But there's another way of viewing the problem. It's true that boards and politicians have greater blunt dominative authority which, when exercised, poses a greater threat to academic freedom than any power faculty or students hold. But it's also true that board and politicians "touch" the day-to-day operations of academia far more infrequently than faculty and students do. What the latter lack in bluntness, they make up for in terms of omnipresence -- the conservative complaint regarding the state of academic freedom tends to rely less on direct cases of censorship by administrators and more about an atmosphere or mood where certain views are shunned or difficult to air (see this profile of conservative women at UNC, or this account from NYU). It is not a single act of censorial pronouncement that silences conservatives on campus, but the constant prick and needle of dismissiveness, eye rolls, "jokes", and shunning that together creates a landscape where conservative views are effectively unable to be aired.
So the conservatives could reply by saying that a few stray bolts of administrative lightning might be flashy, but they hardly overwhelm the suffocating blanket of ubiquitous liberalism which they see as draped over their academic communities. It is nuts, they would argue, to suggest that in general academic squelches liberal ideas and facilitates conservative ones.
One reason that I suspect progressives would find this argument frustrating is that it adopts a view of power that conservatives tend not to find attractive in other contexts. When speaking of racism, for example, conservatives are not generally sympathetic to any understanding of the term other than deliberate de jure action by an official authority. The complaints about eye rolls and dismissals are -- dare I say it -- best characterized as "microaggressions", and we all know how conservatives feel about those.
This framework also has some difficulty distinguishing between bad de facto "censorship" and simple widespread negative reactions to ideas. After all, thinking "this idea is wrong" -- or even "this idea is racist" -- is not censorship, it's judgment. That one's speeches are met with protests, one's classroom contributions are met with snickers, and that nobody wants to date you after that column you wrote calling abortion murder -- none of these would be viewed as a form of oppression by conservatives but for the fact that conservatives are experiencing them.
Hence, the conservative appeal to this framework in the academic context reasonably comes off as opportunistic. It also opens the door to a more expansive liberal retort, identifying a still-further basic threat to, if not "academic freedom", then at least the diverse and pluralistic exchange of ideas. If academia is built for a particular type of student -- one who is, on average, wealthier and Whiter than America writ large, then it follows that certain types of views and arguments will most likely be systematically underrepresented and underconsidered. If, for example, campuses are poorly equipped to engage with and include undocumented immigrant students, that likely has an impact on the way campus debates about immigration will proceed. This argument relies on a similar (albeit not identical) understanding of power as does the conservative case; if they admit one, they really should have to admit the other.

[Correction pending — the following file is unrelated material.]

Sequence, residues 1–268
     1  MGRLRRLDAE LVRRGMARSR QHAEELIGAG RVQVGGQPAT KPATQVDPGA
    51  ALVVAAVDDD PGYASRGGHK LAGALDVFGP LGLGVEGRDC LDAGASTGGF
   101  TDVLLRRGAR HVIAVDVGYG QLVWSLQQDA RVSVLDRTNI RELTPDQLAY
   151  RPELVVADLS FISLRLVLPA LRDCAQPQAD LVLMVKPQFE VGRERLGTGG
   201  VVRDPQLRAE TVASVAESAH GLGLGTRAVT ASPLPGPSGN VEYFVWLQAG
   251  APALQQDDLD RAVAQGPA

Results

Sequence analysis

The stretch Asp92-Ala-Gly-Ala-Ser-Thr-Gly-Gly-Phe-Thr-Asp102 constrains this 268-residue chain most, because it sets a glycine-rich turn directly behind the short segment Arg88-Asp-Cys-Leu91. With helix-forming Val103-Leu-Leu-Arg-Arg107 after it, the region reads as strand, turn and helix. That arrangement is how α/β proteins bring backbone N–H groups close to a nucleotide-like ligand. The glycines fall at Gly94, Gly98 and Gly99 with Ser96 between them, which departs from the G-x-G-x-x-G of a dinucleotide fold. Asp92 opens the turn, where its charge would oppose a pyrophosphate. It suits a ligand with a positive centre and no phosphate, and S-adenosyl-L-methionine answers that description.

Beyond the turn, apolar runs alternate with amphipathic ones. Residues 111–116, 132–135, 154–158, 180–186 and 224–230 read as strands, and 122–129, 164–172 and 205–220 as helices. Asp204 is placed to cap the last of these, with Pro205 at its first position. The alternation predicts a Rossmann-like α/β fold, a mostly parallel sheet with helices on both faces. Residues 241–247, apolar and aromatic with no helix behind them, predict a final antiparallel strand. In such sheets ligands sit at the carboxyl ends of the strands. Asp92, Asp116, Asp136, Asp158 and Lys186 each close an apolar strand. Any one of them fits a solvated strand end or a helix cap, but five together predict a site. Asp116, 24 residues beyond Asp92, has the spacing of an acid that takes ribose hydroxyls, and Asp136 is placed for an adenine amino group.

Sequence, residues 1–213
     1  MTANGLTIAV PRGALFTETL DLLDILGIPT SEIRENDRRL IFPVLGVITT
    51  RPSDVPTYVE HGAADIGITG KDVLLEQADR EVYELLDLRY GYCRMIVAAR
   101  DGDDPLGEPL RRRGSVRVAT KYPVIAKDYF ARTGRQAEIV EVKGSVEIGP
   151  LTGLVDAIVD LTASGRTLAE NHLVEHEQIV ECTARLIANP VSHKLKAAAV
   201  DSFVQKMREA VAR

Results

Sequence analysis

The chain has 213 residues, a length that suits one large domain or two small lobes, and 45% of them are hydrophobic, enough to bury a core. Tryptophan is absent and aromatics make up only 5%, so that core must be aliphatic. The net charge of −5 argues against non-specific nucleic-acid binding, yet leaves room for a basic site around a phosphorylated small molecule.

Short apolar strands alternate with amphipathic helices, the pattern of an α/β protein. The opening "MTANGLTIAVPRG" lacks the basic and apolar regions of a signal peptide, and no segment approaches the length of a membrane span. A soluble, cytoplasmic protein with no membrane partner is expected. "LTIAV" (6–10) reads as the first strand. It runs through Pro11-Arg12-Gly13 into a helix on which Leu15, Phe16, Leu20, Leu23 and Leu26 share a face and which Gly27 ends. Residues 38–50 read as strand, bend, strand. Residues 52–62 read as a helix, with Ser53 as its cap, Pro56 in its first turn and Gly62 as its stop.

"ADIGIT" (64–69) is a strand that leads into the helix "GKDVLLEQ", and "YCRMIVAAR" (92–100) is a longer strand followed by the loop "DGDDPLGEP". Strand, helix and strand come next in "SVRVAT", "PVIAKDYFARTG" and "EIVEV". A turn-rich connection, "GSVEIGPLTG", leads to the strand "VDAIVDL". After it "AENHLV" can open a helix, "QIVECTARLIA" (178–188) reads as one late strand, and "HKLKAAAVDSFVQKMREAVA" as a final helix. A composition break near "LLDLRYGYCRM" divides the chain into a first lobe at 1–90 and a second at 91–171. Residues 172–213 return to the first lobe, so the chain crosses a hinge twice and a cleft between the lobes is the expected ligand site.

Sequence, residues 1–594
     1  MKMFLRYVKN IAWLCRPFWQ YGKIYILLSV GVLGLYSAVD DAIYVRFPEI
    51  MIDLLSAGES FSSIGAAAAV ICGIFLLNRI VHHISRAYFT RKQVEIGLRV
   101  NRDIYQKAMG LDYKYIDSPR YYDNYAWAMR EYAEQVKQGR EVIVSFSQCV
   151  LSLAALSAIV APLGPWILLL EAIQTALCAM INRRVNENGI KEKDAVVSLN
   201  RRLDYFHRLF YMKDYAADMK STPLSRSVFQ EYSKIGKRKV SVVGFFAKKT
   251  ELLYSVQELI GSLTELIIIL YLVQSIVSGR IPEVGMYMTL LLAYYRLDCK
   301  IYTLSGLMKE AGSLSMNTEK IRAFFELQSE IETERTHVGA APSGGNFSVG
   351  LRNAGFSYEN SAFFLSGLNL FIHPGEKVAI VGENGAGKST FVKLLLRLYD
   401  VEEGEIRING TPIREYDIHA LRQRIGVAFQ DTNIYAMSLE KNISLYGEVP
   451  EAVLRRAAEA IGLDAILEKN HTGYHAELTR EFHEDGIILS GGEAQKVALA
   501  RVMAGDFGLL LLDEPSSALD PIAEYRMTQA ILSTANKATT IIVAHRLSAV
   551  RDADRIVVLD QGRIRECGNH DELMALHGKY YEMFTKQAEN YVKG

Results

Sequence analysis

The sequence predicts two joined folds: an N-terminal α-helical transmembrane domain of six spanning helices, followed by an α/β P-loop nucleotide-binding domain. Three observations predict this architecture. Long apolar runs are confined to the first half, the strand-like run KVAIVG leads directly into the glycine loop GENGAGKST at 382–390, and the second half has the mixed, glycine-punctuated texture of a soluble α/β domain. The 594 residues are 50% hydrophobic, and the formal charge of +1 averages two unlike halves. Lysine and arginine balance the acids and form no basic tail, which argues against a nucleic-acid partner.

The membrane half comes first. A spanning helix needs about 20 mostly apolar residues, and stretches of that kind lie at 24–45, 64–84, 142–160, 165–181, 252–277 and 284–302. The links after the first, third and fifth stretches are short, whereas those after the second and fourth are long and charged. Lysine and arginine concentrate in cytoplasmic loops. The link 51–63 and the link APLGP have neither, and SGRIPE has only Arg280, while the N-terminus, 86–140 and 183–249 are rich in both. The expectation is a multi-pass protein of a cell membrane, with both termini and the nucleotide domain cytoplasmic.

Be that as it may, I do think that a focus on the vectors of threats to academic freedom -- the different ways in which those threats manifest when they stem from politicians and boards (right targeting left) versus when they stem from faculty and students (left targeting right) -- can help explain the sense of talking past each other that is so prevalent in these conversations.
Brazen acts of censorship, firings, or political interference are more likely to stem from the right. Day-to-day discomfort, including microaggressions, and an overall atmosphere of having to "walk on eggshells" are more likely to be the product of the left -- though any consistent theory of academic freedom then has to also admit that these same dynamics might also "censor" or "chill" other campus outgroups (such as racial, religious, or sexual minorities). The former is more nakedly wrong and more individually dangerous, but also rarer. The latter is more omnipresent, but also primarily an issue in aggregate and in any event more complicated at the case level.
And then even below those, there's a whole additional layer of ideas and perspectives which are not aired on campus because their proponents never make it to campus, because campus isn't built for them. Different vectors, all threatening the pluralistic exchange of ideas in different ways.